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Column #31 Kanji Clinic, The Japan Times, January 13, 2003
"Kanji of the Year: A single character provides insight into what the whole country is thinking"

Which news event in 2002 made the deepest impression on the people of Japan? One clue is the recently announced winner of the "Sign of the Times" kanji poll, sponsored annually by the Japan Kanji Proficiency Testing Foundation (www.kanken.or.jp), which this year drew 60,000 participants.

A year ago, with televised images of the World Trade Center terrorist attacks still fresh in their minds, kanji enthusiasts overwhelmingly chose 戦 (SEN, war) as the year's most representative kanji. 金 (kin, gold), in 2000, reflected pride in Japanese Olympic gold as well as intense interest in the summit between the leaders-- both named 金 (Kim)--of a divided Korea. In 1999, with the end of the millennium closing in, the choice had been 末 (MATSU, end). The shock of the Wakayama curry poisoning murders-- committed by an insurance saleswoman sentenced to death last month-- led to the 1998 selection of 毒 (doku, poison).

This year's Kanji Champion-- 帰 (kaeru)-- was, again, no surprise. The homecoming (帰国, kikoku) in October of the five Japanese mysteriously abducted to North Korea in the late '70s was the domestic media event of the year.

帰 means "return to the original position"-- with "position" generally being "home." As such, this character carries many emotional connotations dear to the Japanese: hometown (ideally rural), home country (the sweet sound-- upon deplaning an international flight-- of "Okaerinasai!--Welcome home!"), and the family home (where your ancestors lived and died, and where Mama awaits your return). Song lyrics with 帰る--or better yet, 帰れない(can't go home)-- are sure to loosen up tear ducts across the archipelago.

Others who selected 帰 mentioned that salaries, stock prices, and the costs of consumer goods have all returned to their pre-economic bubble levels. Some predicted that the lean period Japan is currently experiencing would prompt a return to a less materialistic lifestyle, one more focused on the dignity of human beings: "We need to return to the starting point," many wrote.

Savoring the humility with which company man Koichi Tanaka accepted his Nobel Prize for chemistry, some said they chose 帰 out of nostalgia for the days when the Japanese were known as a modest, humble people.

The runners-up this year also reflected the public's obsession with the abductees' return, as well as concern about Japan's endless strained relations with close neighbor North Korea on other issues, including the sinking by the Japanese Coast Guard of a suspicious North Korean ship in December, 2001. The No. 2 vote-getter was 北 (kita, north), and the No. 3 slot was allotted to 拉-- the first character in the compound 拉致 (rachi, abduct). (Some advocates of 拉-- a non-general use character-- admitted they only learned to write it this year).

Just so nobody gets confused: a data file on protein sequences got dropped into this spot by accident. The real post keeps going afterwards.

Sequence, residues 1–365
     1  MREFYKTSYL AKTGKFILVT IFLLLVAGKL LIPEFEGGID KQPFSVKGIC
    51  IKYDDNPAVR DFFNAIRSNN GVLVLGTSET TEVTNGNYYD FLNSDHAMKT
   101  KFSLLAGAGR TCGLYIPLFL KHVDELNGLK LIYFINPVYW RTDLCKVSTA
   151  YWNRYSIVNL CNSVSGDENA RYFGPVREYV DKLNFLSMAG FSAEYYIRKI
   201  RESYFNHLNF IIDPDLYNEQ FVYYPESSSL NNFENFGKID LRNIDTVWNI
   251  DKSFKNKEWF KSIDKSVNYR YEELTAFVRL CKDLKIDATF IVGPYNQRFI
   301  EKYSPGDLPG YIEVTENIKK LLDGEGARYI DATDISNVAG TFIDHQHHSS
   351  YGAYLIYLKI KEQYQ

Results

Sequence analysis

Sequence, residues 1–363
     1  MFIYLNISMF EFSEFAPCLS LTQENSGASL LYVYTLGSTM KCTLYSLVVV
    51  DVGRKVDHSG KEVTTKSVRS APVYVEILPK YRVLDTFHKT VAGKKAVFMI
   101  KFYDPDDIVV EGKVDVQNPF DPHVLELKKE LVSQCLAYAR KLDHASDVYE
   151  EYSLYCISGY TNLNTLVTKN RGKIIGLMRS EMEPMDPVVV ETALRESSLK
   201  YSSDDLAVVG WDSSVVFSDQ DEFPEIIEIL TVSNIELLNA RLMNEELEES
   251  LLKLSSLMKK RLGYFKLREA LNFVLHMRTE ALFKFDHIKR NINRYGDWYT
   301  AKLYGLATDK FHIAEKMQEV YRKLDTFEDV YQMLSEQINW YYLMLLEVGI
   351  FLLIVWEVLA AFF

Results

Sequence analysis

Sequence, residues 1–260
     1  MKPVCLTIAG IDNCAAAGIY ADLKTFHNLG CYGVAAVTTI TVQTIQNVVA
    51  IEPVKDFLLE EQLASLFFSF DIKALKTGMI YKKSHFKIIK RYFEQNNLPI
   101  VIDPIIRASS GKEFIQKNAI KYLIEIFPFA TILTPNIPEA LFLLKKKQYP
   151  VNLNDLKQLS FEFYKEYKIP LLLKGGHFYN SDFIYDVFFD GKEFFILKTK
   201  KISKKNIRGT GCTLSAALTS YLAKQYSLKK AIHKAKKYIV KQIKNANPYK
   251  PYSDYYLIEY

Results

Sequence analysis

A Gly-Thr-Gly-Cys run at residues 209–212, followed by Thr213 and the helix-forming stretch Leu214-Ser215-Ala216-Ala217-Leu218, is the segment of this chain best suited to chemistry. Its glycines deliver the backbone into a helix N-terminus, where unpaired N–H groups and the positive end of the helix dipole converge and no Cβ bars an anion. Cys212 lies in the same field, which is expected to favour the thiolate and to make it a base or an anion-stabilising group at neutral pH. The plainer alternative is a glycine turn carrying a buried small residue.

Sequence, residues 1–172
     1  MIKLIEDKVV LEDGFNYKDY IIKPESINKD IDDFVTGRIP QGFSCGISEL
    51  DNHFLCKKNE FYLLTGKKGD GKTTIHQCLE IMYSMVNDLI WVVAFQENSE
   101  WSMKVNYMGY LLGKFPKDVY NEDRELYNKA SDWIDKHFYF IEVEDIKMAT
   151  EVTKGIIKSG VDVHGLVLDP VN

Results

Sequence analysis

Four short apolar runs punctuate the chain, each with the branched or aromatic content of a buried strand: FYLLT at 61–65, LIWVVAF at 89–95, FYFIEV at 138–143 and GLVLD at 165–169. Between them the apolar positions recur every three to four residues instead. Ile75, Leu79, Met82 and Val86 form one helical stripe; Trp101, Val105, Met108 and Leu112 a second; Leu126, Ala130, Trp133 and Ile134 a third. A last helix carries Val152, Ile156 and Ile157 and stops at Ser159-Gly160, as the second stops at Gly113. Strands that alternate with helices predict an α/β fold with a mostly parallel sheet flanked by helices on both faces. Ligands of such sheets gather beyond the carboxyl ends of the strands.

The only serious competition to North Korea-related symbols were those linked to two memorable events in Japan: the long-awaited birth of a child to the Crown Prince and Princess (the first character in baby Princess Aiko's name, 愛 [ai, love], came in at No. 4), and soccer World Cup. Soccer enthusiasts memorialized the mania of early summer by casting their votes for 蹴 (keru, kick), which came in at No. 5. (And soccer motivated some choices of 帰, too--by participants whose husbands and fathers had returned home from work much earlier than usual to watch World Cup matches on television).

When they took pen, or mouse, in hand to vote for this year's Kanji of the Year, many kanji enthusiasts expressed through their choice--and accompanying comments--a nostalgic wish to return to the "good old days." While this may reflect a general unease about both the present and the future, it also seems to embody the more positive belief of many citizens that there is at least something worth trying to return to.

To read about last year's Sign of the Times Kanji contest, go to Column #16.

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Note:
You can learn to write quickly from memory by breaking it down into its three components, attaching a name to each, and creating a story which will call to mind the character's core meaning, "homecoming."

is spear. This component appears in only two of the 1,945 general-use characters: 帰 (homecoming) and 班 (squad). Be careful to distinguish this component from, which means "sword" and is written a bit differently.

is broom. You can see its bristles.

is sash. It is composed of a belt at the top and the component (cloth) at the bottom.

Putting broom and sash (in this case an apron sash) together makes wife. You can also see this combination of components in the right-hand side of 婦 (wife).

A war-weary husband, represented by his spear, comes home at long last to his waiting wife.

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